Crate training a dog is relatively common and essential to do. But have you ever heard of crate training a cat? Keep reading to learn the answer: Can you crate train a cat?
Why Would You Want To Crate Train Your Cat?
There are several reasons why you would crate train a dog. Those are similar to why you would want to crate train a cat. Of course, dogs and cats have vastly different personalities and temperaments, but crates can benefit cats and kittens.
Some reasons you’d want to crate train your kittens are as follows:
- First, a crate provides a safe space for your cat or kitten.
- Second, crate training offers a less-stressful travel time for the vet.
- Third, crates make traveling by car or airplane easier.
- Finally, crating your cat is ideal for emergency evacuations or situations.
Cats are often seen as independent but enjoy their family’s company. However, they can be social and playful in many ways.
Kittens can also get into trouble if they’re alone for too long. Adult cats can as well if they have separation anxiety or get bored.
This is where crate training comes in. The crate should never be used as a punishment or time-out. Instead, it should create a safe space for your cat to enjoy when they need alone time or want to nap.
If your kitty is used to their crate, you won’t need to chase them around the house for their vet appointment, causing stress for all parties involved.
Why Type Of Crate Should You Get For Your Feline Friend?
The type of crate you decide to get for your kitty is up to you and your cat’s personality. You might buy several types to see which one they prefer.
For example, there are the following types of crates:
- Metal Box
Before you buy one, ensure that you know the pros and cons of each one. Also, keep in mind your cat’s comfort levels. For instance, they’ll most likely feel more at home in a fabric crate than in a metal one.
A wire crate is easy to move and is often foldable, so you can easily store it somewhere. However, if your cat tries to break free, it may break the crate or harm itself. Also, you can easily see inside the crate, and your cat can see out.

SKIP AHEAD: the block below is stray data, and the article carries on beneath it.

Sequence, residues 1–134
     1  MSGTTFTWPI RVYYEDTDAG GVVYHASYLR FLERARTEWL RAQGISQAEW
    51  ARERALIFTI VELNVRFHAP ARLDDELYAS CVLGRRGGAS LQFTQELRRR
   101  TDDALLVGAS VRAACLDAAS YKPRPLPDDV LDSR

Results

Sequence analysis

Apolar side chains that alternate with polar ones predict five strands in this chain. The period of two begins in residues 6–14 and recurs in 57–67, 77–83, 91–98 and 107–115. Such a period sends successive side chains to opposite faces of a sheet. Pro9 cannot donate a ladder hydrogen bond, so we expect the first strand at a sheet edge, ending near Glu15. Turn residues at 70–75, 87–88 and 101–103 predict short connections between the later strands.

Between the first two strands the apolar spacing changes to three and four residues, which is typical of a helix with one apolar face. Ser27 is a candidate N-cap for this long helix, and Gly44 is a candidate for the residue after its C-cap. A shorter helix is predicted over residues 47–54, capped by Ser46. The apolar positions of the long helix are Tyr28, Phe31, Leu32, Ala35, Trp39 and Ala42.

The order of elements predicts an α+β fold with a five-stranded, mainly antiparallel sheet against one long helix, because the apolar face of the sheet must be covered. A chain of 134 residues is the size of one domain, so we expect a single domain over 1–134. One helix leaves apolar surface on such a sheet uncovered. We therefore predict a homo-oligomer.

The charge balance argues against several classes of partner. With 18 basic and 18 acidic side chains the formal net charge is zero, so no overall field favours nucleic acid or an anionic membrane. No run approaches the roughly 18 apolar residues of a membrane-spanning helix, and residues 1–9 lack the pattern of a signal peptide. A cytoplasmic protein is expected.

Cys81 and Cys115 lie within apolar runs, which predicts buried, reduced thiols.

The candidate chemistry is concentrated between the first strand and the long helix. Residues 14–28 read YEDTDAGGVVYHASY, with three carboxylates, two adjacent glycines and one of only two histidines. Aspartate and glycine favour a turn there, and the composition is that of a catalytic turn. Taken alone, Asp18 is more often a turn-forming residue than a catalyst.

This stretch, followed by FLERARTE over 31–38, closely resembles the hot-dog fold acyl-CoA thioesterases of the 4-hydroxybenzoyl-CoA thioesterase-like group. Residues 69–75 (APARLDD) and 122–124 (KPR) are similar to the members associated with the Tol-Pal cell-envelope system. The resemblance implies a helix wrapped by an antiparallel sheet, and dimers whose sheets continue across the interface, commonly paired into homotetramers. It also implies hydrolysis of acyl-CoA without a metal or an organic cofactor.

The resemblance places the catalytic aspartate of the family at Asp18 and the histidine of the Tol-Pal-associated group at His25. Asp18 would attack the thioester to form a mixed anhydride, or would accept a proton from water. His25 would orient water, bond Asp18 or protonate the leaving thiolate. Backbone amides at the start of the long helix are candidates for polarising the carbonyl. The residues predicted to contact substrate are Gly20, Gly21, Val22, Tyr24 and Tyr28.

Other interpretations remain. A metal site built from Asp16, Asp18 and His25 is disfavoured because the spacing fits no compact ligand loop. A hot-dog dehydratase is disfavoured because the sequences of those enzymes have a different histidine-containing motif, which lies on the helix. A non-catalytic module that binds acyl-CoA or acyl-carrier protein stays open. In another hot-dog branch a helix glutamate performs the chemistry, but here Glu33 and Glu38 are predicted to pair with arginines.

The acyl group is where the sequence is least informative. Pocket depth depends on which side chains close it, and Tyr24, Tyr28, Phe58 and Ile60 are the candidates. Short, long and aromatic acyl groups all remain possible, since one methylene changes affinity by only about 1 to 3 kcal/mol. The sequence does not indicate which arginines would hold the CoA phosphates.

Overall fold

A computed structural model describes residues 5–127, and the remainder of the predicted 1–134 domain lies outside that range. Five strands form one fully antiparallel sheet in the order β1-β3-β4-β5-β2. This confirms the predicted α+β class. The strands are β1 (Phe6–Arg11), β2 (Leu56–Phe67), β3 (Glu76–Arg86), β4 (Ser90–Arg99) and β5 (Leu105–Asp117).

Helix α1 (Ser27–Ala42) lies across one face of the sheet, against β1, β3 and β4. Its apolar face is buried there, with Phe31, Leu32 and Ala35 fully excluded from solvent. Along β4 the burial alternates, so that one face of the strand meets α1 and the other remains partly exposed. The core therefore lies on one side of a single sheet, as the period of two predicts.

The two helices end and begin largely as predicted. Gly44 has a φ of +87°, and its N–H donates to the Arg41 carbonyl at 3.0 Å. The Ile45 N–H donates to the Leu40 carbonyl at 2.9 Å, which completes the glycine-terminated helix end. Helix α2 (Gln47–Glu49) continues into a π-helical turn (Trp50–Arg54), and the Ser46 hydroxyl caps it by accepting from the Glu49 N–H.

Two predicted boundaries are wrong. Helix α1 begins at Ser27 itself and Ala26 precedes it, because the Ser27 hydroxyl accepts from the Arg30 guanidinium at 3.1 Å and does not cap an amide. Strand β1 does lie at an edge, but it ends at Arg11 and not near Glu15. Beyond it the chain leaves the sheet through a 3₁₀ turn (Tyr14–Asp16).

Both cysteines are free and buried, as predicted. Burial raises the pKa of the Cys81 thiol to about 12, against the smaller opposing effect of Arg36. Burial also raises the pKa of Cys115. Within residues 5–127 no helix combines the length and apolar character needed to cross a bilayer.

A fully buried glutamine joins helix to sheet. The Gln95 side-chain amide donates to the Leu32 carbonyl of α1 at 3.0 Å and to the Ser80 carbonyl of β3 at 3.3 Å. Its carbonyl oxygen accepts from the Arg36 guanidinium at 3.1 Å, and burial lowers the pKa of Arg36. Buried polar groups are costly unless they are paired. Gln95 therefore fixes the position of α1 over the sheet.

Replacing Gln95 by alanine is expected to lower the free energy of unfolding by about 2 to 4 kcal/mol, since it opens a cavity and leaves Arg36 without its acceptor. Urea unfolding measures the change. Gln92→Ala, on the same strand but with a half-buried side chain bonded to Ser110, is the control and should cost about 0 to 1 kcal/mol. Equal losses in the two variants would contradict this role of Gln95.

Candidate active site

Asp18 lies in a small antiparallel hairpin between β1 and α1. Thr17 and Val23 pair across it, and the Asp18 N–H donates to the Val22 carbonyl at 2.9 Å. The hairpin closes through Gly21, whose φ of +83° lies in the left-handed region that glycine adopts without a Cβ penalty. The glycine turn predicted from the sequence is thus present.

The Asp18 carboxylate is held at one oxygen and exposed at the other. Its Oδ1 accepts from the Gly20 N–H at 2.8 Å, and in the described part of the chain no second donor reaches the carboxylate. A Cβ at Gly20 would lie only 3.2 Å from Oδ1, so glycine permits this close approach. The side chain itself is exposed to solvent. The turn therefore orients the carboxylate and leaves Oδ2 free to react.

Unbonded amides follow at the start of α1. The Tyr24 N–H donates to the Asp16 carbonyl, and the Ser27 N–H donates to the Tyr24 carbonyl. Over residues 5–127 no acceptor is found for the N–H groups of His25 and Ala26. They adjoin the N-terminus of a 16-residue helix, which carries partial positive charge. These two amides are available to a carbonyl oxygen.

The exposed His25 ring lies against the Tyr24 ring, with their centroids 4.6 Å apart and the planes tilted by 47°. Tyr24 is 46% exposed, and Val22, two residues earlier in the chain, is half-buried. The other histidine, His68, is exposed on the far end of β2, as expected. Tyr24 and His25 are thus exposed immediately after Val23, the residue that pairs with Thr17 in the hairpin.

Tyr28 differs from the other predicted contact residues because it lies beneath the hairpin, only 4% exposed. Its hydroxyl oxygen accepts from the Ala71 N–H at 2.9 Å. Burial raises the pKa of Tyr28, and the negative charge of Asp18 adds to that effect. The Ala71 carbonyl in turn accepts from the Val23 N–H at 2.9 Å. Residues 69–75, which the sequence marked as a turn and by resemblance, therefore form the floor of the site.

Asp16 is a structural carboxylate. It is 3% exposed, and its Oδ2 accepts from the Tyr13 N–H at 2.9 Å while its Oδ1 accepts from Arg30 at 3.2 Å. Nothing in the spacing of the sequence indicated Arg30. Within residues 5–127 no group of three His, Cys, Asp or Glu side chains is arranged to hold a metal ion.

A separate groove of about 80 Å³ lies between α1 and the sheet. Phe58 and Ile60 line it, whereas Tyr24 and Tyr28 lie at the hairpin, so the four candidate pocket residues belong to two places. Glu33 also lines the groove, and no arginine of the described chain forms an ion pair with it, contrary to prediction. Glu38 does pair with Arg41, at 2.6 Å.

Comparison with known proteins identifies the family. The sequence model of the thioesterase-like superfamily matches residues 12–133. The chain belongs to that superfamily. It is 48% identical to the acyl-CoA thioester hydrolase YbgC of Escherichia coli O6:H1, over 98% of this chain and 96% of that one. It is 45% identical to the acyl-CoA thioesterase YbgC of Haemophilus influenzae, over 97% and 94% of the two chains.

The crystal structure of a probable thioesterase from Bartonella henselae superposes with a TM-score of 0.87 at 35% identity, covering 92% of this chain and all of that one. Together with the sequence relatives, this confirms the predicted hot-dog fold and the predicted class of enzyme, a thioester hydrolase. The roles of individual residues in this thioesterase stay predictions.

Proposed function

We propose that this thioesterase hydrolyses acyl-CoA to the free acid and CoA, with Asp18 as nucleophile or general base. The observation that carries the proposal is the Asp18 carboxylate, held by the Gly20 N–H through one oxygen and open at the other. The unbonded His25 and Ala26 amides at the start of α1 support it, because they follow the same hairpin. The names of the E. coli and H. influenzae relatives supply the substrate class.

On the other hand, plastic crates have less visibility. So you’ll still be able to see your kitty a little, but it’ll be harder for them to see out. This might be a good thing if your cat gets overstimulated visually.
Plastic crates are also medium-weight and easy to clean.
Metal boxes are the most expensive, but they’re also the most sturdy. However, they’re heavy and difficult to store since you can fold them.
Finally, fabric crates are lightweight but more sturdy to hold your cat. Unfortunately, they can’t be folded to store easily and can be challenging to clean. However, they’re soft, so they should provide more comfort to your cat.
What Size Crate Should You Get?
The bigger, the better. If you have a kitten, you’ll want a crate that fits them well as an adult. It’ll be huge at first, but you won’t need to worry about buying upgraded crates in the future.
If you have an adult cat, you’ll still want to give them plenty of room. Buy a crate that allows them to stand up and turn around. Otherwise, they’ll be too cramped.
If you’re at the store and a crate looks too small, then it probably is. Try picking out one that’s the next size up.
How To Crate Train A Cat
Crate training a cat resembles how you would train a dog. Every cat is different. They have unique personalities and breed temperaments. Some cats may be easier to train, but they’ll catch on with patience.
Introduce The Crate
Curiosity never killed the cat. So the first step to crate training your cat is introducing the crate to them. Place the crate in an area that your cat frequents in the house. You can even place it beside their toys or climbing tree.